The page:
There is growing interest in understanding how diet affects the intestinal microbiota, including its possible associations with systemic diseases such as metabolic syndrome. Here we report a comprehensive and deep microbiota analysis of fourteen obese males consuming fully controlled diets supplemented with resistant starch (RS) or non-starch polysaccharides (NSP), and a weight-loss diet (WL). We analyzed the composition, diversity and dynamics of the faecal microbiota on each dietary regime by phylogenetic microarray and quantitative PCR analysis. Additionally, we analyzed faecal short chain fatty acids (SCFA) as a proxy of colonic fermentation, and indices of insulin sensitivity from blood samples. The diet explained around 10% of the total variance in microbiota composition, which was substantially less than the inter-individual variance. Yet, each of the study diets induced clear and distinct changes in the microbiota. Multiple Ruminococcaceae phylotypes increased on the RS diet, whereas mostly Lachnospiraceae phylotypes increased on the NSP diet. Bifidobacteria decreased significantly on the WL diet. The RS diet decreased significantly diversity of the microbiota. The total 16S rRNA gene signal estimated by qPCR correlated positively with the three major SCFAs, while the amount of propionate specifically correlated with the Bacteroidetes. The dietary responsiveness of the individual’s microbiota varied substantially and associated inversely with its diversity, suggesting that individuals can be stratified into responders and non-responders based on the features of their intestinal microbiota.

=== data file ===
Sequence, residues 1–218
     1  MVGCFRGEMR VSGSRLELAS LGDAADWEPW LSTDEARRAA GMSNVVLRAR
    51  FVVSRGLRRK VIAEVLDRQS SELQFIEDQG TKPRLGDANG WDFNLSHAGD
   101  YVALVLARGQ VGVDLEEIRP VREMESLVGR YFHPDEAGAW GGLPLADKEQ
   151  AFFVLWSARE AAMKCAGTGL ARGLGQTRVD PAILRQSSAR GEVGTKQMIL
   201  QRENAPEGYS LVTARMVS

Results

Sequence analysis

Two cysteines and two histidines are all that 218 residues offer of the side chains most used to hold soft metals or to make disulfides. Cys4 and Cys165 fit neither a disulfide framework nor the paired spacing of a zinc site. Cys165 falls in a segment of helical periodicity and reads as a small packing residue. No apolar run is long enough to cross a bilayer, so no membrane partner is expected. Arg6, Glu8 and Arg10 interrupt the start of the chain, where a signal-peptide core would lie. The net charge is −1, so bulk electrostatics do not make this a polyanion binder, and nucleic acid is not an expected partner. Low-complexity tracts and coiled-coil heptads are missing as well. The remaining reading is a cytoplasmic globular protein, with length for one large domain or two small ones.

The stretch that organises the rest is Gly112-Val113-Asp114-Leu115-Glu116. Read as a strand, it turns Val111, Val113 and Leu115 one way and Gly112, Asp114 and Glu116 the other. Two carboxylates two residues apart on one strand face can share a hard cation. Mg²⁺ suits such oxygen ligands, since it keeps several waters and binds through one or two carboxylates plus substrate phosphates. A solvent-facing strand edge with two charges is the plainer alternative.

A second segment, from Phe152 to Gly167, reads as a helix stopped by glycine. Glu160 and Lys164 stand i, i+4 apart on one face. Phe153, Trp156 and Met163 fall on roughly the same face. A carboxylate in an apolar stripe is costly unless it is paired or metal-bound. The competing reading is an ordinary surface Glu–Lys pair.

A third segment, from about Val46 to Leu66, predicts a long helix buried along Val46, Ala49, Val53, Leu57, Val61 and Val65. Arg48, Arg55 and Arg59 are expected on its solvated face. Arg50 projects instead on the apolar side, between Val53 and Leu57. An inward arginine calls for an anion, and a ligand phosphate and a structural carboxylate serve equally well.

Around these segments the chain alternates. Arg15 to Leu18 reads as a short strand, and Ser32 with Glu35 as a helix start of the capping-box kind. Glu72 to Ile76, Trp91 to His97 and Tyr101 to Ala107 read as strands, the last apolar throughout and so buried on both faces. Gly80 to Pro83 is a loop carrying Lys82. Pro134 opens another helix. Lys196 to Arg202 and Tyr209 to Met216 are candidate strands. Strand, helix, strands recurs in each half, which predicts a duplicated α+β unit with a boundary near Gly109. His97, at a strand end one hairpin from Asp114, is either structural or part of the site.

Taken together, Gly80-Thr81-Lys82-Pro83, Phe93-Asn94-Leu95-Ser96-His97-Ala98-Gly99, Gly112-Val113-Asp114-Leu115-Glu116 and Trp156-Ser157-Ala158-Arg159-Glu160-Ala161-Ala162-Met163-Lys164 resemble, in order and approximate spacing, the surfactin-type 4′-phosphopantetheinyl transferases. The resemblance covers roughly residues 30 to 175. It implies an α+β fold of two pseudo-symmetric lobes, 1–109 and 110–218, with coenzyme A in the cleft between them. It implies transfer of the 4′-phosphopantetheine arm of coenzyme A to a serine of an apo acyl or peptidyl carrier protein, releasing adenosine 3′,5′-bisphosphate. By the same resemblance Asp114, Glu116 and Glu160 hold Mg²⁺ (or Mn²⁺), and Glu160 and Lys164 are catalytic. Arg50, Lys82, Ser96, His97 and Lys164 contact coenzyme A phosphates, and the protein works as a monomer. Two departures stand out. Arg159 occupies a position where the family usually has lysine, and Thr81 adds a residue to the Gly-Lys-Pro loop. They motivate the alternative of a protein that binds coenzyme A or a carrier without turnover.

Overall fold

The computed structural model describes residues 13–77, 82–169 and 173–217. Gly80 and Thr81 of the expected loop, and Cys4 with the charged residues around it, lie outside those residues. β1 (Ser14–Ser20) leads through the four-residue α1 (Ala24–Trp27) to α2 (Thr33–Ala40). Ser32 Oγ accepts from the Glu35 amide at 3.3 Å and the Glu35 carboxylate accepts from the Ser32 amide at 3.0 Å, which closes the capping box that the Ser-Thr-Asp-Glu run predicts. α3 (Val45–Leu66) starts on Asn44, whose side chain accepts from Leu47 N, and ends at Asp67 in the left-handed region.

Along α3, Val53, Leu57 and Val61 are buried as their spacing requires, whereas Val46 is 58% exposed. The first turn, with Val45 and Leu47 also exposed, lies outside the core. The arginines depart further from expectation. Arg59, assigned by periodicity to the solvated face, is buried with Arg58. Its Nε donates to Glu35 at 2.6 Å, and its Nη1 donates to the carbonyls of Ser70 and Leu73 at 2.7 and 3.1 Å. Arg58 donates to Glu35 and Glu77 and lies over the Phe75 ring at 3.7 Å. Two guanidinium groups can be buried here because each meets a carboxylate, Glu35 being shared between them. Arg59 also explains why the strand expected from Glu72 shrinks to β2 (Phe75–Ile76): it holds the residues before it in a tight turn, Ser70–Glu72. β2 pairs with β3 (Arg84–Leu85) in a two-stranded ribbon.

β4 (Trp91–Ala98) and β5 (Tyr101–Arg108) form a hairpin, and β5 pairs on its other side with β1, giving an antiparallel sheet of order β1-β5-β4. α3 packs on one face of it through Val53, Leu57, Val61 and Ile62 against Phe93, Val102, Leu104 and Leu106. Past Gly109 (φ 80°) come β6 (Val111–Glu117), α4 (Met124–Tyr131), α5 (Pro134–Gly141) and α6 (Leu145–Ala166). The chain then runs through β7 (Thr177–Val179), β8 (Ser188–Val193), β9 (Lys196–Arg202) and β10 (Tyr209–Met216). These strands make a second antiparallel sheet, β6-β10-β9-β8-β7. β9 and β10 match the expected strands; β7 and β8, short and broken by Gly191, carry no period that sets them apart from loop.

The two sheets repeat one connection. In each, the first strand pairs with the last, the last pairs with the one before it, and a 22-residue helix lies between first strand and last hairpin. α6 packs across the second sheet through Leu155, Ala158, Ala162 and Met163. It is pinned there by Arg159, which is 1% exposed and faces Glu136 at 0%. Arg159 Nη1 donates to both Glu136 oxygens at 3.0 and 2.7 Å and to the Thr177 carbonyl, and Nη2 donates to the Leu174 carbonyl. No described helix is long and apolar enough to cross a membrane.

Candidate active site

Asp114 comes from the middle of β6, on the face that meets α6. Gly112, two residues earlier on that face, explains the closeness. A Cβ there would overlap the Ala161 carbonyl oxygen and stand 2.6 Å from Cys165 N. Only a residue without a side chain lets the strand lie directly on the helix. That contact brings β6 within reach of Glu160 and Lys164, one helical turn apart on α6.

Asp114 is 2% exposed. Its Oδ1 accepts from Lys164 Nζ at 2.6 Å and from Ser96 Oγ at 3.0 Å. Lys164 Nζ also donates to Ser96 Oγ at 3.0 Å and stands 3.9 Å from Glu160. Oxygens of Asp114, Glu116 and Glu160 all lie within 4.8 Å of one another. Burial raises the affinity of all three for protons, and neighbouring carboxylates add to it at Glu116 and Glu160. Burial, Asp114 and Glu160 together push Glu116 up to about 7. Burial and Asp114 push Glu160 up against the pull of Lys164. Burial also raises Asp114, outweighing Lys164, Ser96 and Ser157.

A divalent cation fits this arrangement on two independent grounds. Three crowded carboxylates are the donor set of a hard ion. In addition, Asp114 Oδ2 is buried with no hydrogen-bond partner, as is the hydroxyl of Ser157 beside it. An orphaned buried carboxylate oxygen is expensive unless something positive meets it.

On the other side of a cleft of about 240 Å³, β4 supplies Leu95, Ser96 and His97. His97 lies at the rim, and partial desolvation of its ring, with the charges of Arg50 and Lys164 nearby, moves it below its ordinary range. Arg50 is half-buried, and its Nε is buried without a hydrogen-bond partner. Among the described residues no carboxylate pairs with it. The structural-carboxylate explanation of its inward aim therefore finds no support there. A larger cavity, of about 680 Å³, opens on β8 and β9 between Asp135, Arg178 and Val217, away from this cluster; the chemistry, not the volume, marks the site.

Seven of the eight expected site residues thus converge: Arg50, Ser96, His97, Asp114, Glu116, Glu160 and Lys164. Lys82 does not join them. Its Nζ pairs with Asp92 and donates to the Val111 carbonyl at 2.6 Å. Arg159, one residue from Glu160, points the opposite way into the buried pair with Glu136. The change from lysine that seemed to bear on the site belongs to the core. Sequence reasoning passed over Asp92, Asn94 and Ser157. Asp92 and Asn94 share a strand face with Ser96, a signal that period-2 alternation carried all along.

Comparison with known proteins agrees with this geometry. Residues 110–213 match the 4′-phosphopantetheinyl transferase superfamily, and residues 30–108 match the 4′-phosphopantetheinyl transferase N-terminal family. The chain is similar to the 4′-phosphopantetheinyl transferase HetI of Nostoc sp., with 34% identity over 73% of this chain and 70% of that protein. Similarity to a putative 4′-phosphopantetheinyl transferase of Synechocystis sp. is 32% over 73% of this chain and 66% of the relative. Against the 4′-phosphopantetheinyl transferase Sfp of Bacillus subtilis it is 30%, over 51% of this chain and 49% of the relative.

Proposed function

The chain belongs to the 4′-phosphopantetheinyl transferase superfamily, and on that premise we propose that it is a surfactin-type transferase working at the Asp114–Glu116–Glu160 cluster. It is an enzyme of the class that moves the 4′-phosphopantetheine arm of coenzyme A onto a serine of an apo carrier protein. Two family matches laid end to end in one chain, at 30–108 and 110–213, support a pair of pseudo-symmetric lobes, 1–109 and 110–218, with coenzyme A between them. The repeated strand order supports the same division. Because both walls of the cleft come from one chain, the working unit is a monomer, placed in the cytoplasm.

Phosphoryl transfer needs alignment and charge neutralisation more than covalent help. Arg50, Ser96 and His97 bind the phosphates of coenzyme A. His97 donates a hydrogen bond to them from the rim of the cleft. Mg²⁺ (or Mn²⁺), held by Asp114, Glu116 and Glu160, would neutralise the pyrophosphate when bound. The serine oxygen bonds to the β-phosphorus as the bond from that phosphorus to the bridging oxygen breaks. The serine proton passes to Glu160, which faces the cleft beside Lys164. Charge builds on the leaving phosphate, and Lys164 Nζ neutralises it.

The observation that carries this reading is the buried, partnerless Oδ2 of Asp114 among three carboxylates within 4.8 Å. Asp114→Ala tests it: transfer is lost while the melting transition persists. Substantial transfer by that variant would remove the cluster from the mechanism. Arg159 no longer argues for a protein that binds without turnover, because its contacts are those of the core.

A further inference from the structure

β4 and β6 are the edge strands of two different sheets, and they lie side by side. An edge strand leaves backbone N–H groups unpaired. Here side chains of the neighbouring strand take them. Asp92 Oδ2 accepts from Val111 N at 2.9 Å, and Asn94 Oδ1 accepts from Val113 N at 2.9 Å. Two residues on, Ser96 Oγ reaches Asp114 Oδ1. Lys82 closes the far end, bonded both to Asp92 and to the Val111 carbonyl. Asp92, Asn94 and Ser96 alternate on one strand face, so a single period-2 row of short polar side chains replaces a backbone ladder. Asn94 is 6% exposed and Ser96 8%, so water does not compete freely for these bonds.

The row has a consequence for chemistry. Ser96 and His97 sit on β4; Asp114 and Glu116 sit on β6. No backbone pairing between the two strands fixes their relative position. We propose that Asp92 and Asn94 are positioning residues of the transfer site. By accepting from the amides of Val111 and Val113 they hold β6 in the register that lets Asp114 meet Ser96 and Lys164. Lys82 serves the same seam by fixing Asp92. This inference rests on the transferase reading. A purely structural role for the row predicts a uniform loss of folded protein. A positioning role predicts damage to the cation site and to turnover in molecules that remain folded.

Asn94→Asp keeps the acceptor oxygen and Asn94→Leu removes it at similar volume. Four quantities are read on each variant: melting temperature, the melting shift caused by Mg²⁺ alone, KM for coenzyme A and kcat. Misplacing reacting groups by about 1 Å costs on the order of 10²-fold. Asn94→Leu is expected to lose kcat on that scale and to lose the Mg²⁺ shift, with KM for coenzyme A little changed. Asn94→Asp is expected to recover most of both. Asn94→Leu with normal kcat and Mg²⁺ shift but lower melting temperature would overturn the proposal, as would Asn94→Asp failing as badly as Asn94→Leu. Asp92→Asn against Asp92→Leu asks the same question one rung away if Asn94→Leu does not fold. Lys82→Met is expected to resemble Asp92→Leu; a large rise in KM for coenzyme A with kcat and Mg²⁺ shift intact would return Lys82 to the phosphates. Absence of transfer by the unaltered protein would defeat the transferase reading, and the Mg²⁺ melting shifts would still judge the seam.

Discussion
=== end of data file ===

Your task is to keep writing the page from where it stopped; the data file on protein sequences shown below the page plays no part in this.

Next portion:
HITChip microarray data: The file contains phylogenetic microarray signal intensities for 130 intestinal genus-like bacterial groups (≥ 90% sequence similarity in the 16S rRNA gene) derived from the 55 faecal samples analysed during four different diets, for details see Supplementary Figure S1 in the article. The sample ID indicates volunteer number followed by a letter code for dietary regime as well as number of days passed from beginning of the trial. More information about the phylogenetic design of the HITChip can be found at http://onlinelibrary.wiley.com/doi/10.1111/j.1462-2920.2009.01900.x/full. The data were extracted with using min-max normalisation (Bolstad et al. 2003, Bioinformatics 19:185) and log-transformed.
This work is licensed under a CC0 1.0 Universal (CC0 1.0) Public Domain Dedication license.
- 16S rRNA
- Intestinal microbiota
- phylogenetic microarray